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  1. #1
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    Brief Medical History Overview

    Recovery from a femur fracture

    Physical Agents In Rehabilitation
    I had an oblique femur fracture in the upper part of my femur while skiing on Jan 21st 2008. I was operated on the next day and had an IM nail inserted in my bone along with one screw at the hip and two above the knee.
    I have recovered well so far and I can walk without crutches. I have had no physiotherapy since I was hurt (except at the hospital after surgery for 3 days). My orthopedist has said that my bone is healing well but I don't need any physiotherapy. He has instead suggested biking or swimming. I do cardio in the gym for about 40 mins every other day.
    I have been off crutches for over a month, however I still can't run/jog, and have pain in my leg after sitting in a chair for a long time or after waking up in the morning.
    I have been unable to get my range of motion back and neither can I jog/run. I am worried that without proper help from a physiotherapist I will slow/impair the recovery process.
    Any suggestions/thoughts are most welcome.
    Thanks.

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  2. #2
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    Re: Recovery from a femur fracture

    Firstly, I would say it's a bit early yet to be jogging or running. With your limited ROM you might set yourself up for compensatory damages elsewhere. As your Ortho suggested, biking and swimming are good exercises to regain musculature and get cardio in. As you regain ROM, strength and balance, start slowly on the treadmill and gradually work up to backward walking, sidestepping, and ultimately jogging.

    For your ROM. A good stretching plan should include iliopsoas and piriformis stretches. Straight leg raises in all planes. Also, with a theraband or theratubing, "steamboats" -sets of extension, flexion, adduction and abduction. With a belt or towel, hamstring and calf stretches.

    This is a link for a knee rehab, but knee and hip (femur) rehab are very similar, so you might find this useful.

    Dr. David Lintner - Orthopedic Sports Medicine Surgeon - Houston TX

    Good luck.


  3. #3
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    Re: Recovery from a femur fracture

    Hi

    With all due respect to the orthopaedic surgeon, they are experts at fixing bones but don't often have a holistic approach.

    A good physio will check you bones, muscles, joints, nerves, motor control, compensations etc etc etc not only for your femur, hip and knee but for your pelvis, lumbar spine, thoracic spine, ankle, foot etc etc.

    An assessment with a physio to see what the status of your body is and what options you have.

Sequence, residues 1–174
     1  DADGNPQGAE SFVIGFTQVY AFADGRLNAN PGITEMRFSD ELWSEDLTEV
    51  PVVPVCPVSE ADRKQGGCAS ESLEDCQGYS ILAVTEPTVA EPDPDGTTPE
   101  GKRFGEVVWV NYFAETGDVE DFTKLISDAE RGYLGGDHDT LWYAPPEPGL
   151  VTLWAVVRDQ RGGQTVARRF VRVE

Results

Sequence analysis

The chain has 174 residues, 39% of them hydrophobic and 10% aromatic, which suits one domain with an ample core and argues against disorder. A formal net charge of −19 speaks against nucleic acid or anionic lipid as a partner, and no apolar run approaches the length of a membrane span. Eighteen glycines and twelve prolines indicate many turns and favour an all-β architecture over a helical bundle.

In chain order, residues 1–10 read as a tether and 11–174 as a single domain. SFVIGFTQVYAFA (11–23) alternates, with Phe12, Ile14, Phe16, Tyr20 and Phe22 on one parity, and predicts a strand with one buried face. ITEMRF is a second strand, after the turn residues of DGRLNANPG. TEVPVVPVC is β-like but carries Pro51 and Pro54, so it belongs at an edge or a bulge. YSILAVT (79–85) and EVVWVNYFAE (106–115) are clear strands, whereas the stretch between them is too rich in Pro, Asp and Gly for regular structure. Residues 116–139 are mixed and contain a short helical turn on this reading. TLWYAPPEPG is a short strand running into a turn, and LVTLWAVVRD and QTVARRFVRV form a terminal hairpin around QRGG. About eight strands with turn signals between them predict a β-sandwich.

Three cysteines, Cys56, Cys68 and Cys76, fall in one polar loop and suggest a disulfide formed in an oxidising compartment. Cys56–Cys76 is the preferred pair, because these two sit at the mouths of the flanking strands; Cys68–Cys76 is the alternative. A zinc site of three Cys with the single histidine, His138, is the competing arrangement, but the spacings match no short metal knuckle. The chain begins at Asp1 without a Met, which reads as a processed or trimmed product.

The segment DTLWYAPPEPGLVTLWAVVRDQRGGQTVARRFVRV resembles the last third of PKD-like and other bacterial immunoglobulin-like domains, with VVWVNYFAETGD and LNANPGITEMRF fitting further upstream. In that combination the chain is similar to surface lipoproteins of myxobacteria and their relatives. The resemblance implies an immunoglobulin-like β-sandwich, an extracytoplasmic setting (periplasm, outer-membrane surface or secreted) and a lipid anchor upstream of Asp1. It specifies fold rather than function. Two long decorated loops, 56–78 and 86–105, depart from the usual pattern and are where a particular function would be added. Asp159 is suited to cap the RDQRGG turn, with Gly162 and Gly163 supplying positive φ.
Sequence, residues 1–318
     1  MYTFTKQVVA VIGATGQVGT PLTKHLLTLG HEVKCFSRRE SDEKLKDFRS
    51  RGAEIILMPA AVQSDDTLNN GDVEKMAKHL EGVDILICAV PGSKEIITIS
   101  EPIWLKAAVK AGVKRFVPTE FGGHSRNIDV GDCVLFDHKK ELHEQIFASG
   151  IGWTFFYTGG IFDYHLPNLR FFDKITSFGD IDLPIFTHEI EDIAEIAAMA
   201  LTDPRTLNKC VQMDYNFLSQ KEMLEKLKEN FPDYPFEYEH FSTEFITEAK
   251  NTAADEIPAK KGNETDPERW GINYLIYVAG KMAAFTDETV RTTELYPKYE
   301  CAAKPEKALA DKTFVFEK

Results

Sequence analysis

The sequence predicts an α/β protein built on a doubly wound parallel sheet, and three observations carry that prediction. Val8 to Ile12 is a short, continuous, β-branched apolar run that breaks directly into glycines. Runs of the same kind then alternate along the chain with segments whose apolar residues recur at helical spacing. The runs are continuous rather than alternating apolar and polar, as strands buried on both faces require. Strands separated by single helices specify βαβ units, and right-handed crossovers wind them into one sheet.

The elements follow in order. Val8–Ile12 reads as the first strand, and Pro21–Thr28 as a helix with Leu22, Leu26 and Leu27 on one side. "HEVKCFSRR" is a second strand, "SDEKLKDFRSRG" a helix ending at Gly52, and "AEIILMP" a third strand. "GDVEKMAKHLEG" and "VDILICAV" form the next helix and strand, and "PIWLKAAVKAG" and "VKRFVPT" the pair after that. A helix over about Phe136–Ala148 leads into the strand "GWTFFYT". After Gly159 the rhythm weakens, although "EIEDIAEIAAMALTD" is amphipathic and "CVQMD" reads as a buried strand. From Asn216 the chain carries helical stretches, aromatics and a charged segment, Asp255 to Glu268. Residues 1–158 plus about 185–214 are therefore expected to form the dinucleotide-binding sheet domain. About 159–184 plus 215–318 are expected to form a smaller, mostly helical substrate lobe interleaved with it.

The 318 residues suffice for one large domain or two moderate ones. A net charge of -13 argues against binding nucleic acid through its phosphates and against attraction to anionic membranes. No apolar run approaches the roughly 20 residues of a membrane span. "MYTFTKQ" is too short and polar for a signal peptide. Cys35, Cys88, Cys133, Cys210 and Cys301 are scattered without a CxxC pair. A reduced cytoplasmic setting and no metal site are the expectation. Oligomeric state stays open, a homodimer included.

The cycling and swimming are good exercises but as a physio, i am interested in HOW you are cycling and swimming, not whether or not you are doing it...

    Does that make sense?

    For example, i had a patient who had a bad car accident - she needed me to plaster her arm, had fractured ribs, whiplash etc. I did the cast and offered help for her ribs because it was obvious she was in a lot of pain. However, she said she was advised not to let anyone touch her for 3 weeks. Good general advice but good treatment can help. So 3 weeks later she still had trouble breathing and moving without pain. I used some simple treatment techniques and some taping and all of a sudden, she took her first pain free deep breath. She remarked "why did you do that 3 weeks ago" and i replied "you wouldn't let me!".

    The moral of the story is that maybe a physio can help you more than you or the surgeon thinks!

    I hope that helps - sorry for rambling!


  4. #4
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    Re: Recovery from a femur fracture

    hi,
    first i dont want to damage the ortho,s image,but as a physio i could not digest it.nowadays all surgeons are refering ortho cases to physio to minimize post operative complications.i think you may have following problems
    1.knee muscle power weakness
    2.stiffness in knee aswell as in hip
    3.decrease patellar mobility.
    4.gaitwith increased steps.
    please visit near by physio and get assessment for your knee and hip functions.if the physio finds any changes than you start doing your exercises for a week and learn it. try to do yourself.
    i think this will help you to find out the problem


  5. #5
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    Re: Recovery from a femur fracture

    I feel that your lack of Physio may have been detrimental to your acute recovery.